We made it, everyone! Last week, we talked about the Realization, and now we’ve finally reached the Midpoint, one of the most pivotal beats in three act story structure.
Let’s get into this!
Where Does the Midpoint Belong?
As its name suggests, the Midpoint belongs in the middle of the story, at roughly the 50% mark.
What is the Midpoint?
The Midpoint is a turning point. It’s usually when the protagonist shifts from reaction to action. They’re looking to take concrete steps to overcome the main conflict of the story. They’re close to fully understanding and accepting the “truth” they need to learn, but they’re not quite there yet (that’s important for later). Typically, the Midpoint is a plot twist or a big plot moment.
The Midpoint is the Turn
Everything that happened to the protagonist prior to this moment has been preparation for the choice they will make at the Midpoint. If they have been running away from the main conflict, the Midpoint is when they decide to stand their ground.
In some ways, the whole story changes gears after the Midpoint. It should be a stand-out moment. Often, the Midpoint presents itself as a battle, a dramatic party, a relational issue, a declaration of love, etc. Whatever your Midpoint is, it should be enough to push your protagonist to make another choice that takes them out of their comfort zone.
(SPOILERS FOR STAR WARS: A NEW HOPE AHEAD)
This movie’s Midpoint comes when Luke, Obi-Wan, and Han are captured by the Empire. They manage to avoid escape and disguise themselves as Stormtroopers. Then they discover that Leia is a prisoner on the Death Star, and Luke convinces Han to help him rescue her. This is Luke’s first “hero moment”, and it’s also when he shifts gears from farm boy to rebel.
The Midpoint is a big moment for your protagonist. They’re “turning” and going in a new direction that will put them on an irrevocable path to the Third Plot Point.
The Midpoint is Action
Up to this point, the protagonist has probably been reacting to the things that happen to them. They’ve been growing as a person, but they haven’t taken a big step in their character arc since the First Plot Point. If the First Plot Point is them becoming an “adventurer” (not in a sense that only applies to adventure stories), then the Midpoint is often them becoming an “action hero” (again, not in a sense that only applies to action stories). They’re going to form a concrete goal and take steps to accomplish it. What this looks like will depend on your genre and plot.
(SPOILERS FOR TREASURE PLANET AHEAD)
This story’s Midpoint comes when Jim discovers that Silver is the leader of a band of pirates who have infiltrated Captan Amelia’s ship. After the pirates mutiny, Jim has a clear goal: Escape with the captain and Dr. Doppler and find a way to stay alive.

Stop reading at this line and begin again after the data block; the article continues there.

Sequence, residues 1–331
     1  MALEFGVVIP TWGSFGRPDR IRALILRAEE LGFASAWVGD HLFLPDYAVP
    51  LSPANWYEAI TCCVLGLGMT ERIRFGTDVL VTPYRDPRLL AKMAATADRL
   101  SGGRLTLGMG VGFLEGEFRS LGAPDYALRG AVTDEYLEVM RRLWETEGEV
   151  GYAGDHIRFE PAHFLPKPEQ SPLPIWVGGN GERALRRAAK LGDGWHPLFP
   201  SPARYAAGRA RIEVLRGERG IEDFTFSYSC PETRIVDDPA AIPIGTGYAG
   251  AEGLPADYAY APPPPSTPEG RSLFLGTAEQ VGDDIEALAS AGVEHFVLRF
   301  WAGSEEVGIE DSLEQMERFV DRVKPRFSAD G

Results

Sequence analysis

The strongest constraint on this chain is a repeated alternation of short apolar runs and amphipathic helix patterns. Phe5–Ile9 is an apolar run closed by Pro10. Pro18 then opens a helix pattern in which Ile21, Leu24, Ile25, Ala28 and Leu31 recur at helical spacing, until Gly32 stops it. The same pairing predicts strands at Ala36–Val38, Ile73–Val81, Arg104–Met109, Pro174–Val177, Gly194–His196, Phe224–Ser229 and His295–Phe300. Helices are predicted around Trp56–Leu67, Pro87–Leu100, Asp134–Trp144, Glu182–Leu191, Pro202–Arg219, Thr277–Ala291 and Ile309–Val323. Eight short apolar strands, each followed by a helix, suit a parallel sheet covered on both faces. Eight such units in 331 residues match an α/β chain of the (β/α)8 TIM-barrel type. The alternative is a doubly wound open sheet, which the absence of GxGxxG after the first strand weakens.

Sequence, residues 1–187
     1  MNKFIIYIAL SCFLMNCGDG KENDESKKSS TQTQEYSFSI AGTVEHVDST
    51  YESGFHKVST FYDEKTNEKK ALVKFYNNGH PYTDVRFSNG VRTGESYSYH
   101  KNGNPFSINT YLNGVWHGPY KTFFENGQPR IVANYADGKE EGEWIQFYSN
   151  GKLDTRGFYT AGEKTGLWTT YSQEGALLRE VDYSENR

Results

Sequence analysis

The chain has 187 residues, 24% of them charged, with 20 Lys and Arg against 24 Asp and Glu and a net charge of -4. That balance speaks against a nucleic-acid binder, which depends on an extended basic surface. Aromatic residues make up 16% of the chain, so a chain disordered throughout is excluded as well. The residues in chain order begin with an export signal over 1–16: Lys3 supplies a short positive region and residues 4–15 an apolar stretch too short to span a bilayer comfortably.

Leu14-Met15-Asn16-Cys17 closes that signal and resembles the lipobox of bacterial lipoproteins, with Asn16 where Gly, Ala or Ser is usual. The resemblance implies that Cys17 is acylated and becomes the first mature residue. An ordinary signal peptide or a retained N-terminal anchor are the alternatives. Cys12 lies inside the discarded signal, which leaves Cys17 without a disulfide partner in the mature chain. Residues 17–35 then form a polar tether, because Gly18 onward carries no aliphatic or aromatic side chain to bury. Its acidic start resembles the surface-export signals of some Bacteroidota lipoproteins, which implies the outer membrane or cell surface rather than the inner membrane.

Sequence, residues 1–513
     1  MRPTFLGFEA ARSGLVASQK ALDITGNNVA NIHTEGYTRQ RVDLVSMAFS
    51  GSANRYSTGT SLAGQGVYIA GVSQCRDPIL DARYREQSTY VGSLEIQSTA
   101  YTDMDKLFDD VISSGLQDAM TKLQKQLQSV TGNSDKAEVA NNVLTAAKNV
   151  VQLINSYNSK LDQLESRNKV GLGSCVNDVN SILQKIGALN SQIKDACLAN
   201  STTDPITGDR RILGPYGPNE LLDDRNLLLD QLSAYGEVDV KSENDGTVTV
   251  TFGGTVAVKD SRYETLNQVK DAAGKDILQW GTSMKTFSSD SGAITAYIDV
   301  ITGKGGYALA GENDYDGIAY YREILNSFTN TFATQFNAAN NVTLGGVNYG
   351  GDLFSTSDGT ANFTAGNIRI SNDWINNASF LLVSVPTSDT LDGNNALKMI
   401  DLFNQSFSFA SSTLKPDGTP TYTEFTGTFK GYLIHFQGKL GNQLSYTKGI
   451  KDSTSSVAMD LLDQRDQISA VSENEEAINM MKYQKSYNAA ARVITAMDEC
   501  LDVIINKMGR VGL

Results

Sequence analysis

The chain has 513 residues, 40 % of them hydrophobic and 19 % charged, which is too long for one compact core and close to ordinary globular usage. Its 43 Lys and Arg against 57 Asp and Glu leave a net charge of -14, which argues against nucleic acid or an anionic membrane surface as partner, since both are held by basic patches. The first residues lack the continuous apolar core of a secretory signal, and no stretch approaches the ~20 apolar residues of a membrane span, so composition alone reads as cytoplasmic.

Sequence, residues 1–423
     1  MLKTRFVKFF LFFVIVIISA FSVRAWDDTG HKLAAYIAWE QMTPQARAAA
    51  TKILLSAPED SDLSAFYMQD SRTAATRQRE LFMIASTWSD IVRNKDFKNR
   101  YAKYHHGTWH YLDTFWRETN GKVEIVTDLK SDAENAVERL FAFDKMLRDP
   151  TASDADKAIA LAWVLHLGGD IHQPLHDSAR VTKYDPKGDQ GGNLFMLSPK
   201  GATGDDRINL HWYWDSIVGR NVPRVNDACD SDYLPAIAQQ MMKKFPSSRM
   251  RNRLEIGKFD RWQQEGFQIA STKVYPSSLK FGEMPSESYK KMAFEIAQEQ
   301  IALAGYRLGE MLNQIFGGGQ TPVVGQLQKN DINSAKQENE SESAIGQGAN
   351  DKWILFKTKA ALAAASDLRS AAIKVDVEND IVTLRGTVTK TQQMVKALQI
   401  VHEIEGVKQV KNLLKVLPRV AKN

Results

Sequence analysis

This is Jim’s shift from reaction to action. He was a kid, but after Silver’s betrayal, he’s forced to become an adult and figure out how to protect his friends.
The Midpoint is a transformation in many ways. Everything your protagonist learned earlier in the story comes into play to help them become an “action hero” at the Midpoint.
The Midpoint is Understanding
The protagonist often gains new understanding in the Midpoint.
On a plot level, they sometimes come to understand the main conflict of the story better, and they are then able to make more informed responses to it (action hero mode!).
On a character level, they usually come closer to taking hold of the “truth” they need to understand in order to complete their character arc. They won’t be ready for the climax, but they’ll be on their way to being ready.
(SPOILERS FOR TANGLED AHEAD)
In Tangled’s Midpoint, Rapunzel and Flynn are trapped in a flooding cave. As they realize they’re about to die, they take a risk and open up to each other. Rapunzel tells Flynn about her magical hair, and he tells her his real name and talks about his childhood.
On a plot level, this moment is important because it makes Flynn and Rapunzel trust each other more and moves their love story forward. It also reinforces both of their desires to live and achieve their dreams (main conflict).
On a character level, their Midpoint brings them closer to their respective “truths”. Rapunzel’s desire to experience life deepens, and she starts to think she is strong enough to handle the outside world. Flynn realizes he can be a better man, and Rapunzel’s affection for “Eugene Fitzherbert” helps him be confident enough to become that person again.
Neither of them are quite ready to face what’s to come, but they’re much closer than they were before.